Sustain (2019) - Review

Star Rating: ⭑⭑⭑

Directed by: #DaveHastings

Written by: #BrettDewsbury & #DaveHastings

Starring: #BrettDewsbury, #RichardBuck, #LauraEvenson, #MatthewKinson, #JayPodmore, #JoshuaSewell, #DawnButler, #GregYates & #LouiseHewitt

A modern revenge tale set in the West Midlands


Kieran Flank (Brett Dewsbury) is a mechanic/family man based in the West Midlands. One night early into the new year, his younger, half-brother is murdered in a racially motivated attack and the film proceeds to document Flank’s struggle for justice and his turn to vigilantism as means to get his closure.

Now there’s been a modern resurgence in this kind of ’genre‘ film if you will with the popularity of John Wick and The Equalizer the core narrative structure is practically as old as film itself and by proxy of that, Sustain doesn’t really add much to the conversation. In fairness I think the aspect of race and a hate crime makes the film distinctly modern and if it were handled with a different focus, could’ve had some cutting and sadly extremely contemporary commentary on the state of race relations in modern Britain but chose to be a little toothless dare I say. Whilst on that note though, it was good to see this type of extended, multi-racial family and as far as I’m concerned was a positive step for representations, though I suppose to some degree it is used as a bit of a crutch in the sense that it is the sole purpose of the character and his relationship with his younger brother doesn’t get much of a light shone on it, coming off as shallow. On the flip side of that the villains are also immensely one dimensional which doesn’t provide much of a believable conflict. Sustain makes no strides to add anything new or novel to this genre but it isn’t necessarily a bad thing, whilst I saw the ending of the plot coming from a mile off and some of the major story beats were a bit predictable, the film was still largely enjoyable during that two hour run time and kept me immersed throughout so credit where it’s due to some degree.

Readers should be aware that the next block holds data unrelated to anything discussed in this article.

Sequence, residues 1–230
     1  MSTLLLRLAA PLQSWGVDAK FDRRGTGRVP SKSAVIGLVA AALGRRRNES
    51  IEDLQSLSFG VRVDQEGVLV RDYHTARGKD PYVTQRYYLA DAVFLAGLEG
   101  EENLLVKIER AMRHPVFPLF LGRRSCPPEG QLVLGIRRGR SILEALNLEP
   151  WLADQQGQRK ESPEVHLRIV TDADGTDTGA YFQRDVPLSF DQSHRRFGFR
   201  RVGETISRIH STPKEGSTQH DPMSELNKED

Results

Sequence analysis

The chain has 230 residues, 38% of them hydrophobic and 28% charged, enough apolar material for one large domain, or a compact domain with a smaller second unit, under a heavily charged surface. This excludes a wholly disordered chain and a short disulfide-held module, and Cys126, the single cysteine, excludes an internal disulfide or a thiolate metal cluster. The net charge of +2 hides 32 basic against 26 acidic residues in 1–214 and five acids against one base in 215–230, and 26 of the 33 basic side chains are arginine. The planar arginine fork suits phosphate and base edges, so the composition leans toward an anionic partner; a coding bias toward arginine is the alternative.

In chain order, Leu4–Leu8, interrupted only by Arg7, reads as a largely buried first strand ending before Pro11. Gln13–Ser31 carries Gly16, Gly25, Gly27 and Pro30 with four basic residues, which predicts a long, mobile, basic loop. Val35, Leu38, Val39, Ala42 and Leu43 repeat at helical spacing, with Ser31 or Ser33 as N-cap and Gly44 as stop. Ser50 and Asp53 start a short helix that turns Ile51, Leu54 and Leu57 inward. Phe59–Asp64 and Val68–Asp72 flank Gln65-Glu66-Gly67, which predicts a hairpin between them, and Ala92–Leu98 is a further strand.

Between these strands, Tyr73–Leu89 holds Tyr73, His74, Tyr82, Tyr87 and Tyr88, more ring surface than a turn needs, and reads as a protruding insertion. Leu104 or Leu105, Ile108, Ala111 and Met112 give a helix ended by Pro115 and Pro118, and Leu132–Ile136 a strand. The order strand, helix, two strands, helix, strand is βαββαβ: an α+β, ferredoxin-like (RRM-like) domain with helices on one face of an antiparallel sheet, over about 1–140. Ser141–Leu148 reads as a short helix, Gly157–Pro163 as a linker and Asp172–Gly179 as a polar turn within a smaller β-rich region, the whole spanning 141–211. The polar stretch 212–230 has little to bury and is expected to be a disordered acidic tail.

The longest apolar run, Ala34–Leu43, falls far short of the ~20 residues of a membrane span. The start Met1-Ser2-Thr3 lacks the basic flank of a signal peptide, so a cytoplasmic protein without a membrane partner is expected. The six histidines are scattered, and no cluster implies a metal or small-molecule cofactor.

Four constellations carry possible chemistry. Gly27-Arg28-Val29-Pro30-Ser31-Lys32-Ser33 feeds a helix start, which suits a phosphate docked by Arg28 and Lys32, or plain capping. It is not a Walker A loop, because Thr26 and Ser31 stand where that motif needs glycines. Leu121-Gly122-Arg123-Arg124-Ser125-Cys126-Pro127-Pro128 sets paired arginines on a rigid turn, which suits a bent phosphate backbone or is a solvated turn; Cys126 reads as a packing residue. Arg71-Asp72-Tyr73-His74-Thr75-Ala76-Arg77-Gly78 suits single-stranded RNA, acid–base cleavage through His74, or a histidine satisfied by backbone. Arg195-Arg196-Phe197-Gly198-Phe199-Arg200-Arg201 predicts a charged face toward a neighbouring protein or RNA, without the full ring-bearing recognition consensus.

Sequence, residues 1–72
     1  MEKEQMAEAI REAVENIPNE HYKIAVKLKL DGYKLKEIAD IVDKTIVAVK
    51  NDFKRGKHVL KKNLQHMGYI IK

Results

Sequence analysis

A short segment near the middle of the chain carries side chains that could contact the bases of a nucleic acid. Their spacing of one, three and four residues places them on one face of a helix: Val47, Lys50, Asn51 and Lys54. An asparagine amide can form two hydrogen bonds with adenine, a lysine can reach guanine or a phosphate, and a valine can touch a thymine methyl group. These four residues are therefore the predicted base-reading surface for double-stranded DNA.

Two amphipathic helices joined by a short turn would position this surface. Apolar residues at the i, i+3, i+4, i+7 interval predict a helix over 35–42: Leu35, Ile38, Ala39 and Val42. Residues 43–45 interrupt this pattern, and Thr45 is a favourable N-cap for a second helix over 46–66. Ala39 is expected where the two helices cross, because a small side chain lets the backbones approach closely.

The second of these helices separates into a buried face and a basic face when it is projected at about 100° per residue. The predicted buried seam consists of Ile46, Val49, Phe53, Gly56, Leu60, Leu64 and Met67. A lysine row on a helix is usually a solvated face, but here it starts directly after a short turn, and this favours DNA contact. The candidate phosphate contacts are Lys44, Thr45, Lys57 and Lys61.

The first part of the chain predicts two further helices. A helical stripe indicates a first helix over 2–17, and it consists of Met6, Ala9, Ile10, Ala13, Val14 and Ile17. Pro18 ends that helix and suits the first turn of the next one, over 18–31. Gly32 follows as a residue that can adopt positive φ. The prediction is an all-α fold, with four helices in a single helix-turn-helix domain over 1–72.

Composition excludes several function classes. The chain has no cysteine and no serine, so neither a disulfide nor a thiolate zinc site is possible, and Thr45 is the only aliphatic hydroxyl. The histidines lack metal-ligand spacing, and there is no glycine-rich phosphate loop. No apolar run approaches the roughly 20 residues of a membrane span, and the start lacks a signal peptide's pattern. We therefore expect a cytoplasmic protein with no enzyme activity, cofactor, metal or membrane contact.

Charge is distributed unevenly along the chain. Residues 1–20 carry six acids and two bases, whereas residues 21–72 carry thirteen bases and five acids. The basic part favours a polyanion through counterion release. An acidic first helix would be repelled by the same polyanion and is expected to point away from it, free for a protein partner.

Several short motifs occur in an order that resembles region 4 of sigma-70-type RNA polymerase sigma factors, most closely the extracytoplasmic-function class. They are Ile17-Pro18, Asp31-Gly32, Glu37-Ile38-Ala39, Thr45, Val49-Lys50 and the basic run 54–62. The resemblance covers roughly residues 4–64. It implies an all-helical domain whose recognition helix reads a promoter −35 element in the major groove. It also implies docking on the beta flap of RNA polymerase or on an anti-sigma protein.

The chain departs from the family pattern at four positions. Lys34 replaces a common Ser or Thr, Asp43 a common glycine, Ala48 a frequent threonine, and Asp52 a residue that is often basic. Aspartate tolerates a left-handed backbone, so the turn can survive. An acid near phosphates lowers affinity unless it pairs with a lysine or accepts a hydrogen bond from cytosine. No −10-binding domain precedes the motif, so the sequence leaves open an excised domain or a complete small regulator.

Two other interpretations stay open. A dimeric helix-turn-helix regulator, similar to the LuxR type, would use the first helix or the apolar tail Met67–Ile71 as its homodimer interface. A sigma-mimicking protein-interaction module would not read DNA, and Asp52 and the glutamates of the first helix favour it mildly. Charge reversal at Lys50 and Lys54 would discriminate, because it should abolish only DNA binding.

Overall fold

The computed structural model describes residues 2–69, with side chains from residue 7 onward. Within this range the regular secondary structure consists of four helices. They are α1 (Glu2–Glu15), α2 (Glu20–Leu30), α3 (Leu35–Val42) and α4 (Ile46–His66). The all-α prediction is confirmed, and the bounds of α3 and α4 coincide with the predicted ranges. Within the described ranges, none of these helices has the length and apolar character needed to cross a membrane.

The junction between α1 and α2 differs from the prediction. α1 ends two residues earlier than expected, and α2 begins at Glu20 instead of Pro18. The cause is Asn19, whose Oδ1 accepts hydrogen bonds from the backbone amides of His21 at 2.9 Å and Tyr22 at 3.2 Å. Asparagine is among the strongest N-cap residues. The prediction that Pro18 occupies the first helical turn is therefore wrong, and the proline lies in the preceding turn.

Positives, there are a fair few to be drawn upon. Though it wasn’t ground breaking to any degree and didn’t reinvent the wheel, Sustain is a well made and serviceable, modern plot that in many ways, manages to almost perfectly depict some of the areas in more working class regions of the country in a manner that Shane Meadows did in his early filmography. Now it might come off as idle work on my behalf and I’m more than wary of that but in fairness, there were more than a few superficial similarities between this and Dead Man’s Shoes in as far as plot elements and the almost identical narrative catalysts. Performance was a mixed bag in all honesty, but the lead performance from Brett Dewsbury, the lead role and man behind the script was a standout amongst his peers. Cinematography was another notable element of film form, for this example it is hard to quantify what exactly makes it standout but it was ‘professional’ if I had to put it in some sense. It captured characters well and added to the experience as a whole.

In all though, I felt that the film was severely impacted by some of its flaws and they were, sadly, massively detrimental. The sound editing was extremely poor and I’m afraid was absolutely jarring. Having watched this with headphones in it was perhaps enchanted but nevertheless was amateurish and a let down. Having mentioned Dewsbury, the supporting cast was borderline abysmal in my opinion. Having seen a few of these faces in some capacity before, they failed to impress here and it struck me in some ways that they weren’t fully committed to what they were being asked to do.


That said however, I can’t and won’t flaw the films ambition. With some of the cast doing a fine job and largely consistent, professional standard of form elements. It aimed high but ultimately fell short. In all, Sustain has some attractive qualities but they were buried under some poor form elements and a myriad of bad performances. Entertaining but not one I’ll remember fondly I’m afraid.

Film review by: Thomas Jay